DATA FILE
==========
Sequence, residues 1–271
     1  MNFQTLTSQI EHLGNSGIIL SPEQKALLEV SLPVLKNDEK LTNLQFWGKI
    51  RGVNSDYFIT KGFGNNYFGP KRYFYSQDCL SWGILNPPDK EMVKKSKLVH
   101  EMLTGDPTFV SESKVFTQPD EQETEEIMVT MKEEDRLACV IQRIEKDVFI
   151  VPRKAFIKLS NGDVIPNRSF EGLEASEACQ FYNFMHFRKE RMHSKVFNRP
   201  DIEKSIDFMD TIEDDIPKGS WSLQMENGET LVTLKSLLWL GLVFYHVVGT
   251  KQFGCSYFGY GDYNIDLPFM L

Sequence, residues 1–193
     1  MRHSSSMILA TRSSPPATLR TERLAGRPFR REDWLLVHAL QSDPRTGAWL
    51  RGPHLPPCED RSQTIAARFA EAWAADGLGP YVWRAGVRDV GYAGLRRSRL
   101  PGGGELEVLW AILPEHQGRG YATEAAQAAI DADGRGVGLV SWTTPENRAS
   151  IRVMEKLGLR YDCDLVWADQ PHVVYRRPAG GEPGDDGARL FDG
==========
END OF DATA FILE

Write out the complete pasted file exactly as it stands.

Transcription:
Sequence, residues 1–271
     1  MNFQTLTSQI EHLGNSGIIL SPEQKALLEV SLPVLKNDEK LTNLQFWGKI
    51  RGVNSDYFIT KGFGNNYFGP KRYFYSQDCL SWGILNPPDK EMVKKSKLVH
   101  EMLTGDPTFV SESKVFTQPD EQETEEIMVT MKEEDRLACV IQRIEKDVFI
   151  VPRKAFIKLS NGDVIPNRSF EGLEASEACQ FYNFMHFRKE RMHSKVFNRP
   201  DIEKSIDFMD TIEDDIPKGS WSLQMENGET LVTLKSLLWL GLVFYHVVGT
   251  KQFGCSYFGY GDYNIDLPFM L

Sequence, residues 1–193
     1  MRHSSSMILA TRSSPPATLR TERLAGRPFR REDWLLVHAL QSDPRTGAWL
    51  RGPHLPPCED RSQTIAARFA EAWAADGLGP YVWRAGVRDV GYAGLRRSRL
   101  PGGGELEVLW AILPEHQGRG YATEAAQAAI DADGRGVGLV SWTTPENRAS
   151  IRVMEKLGLR YDCDLVWADQ PHVVYRRPAG GEPGDDGARL FDG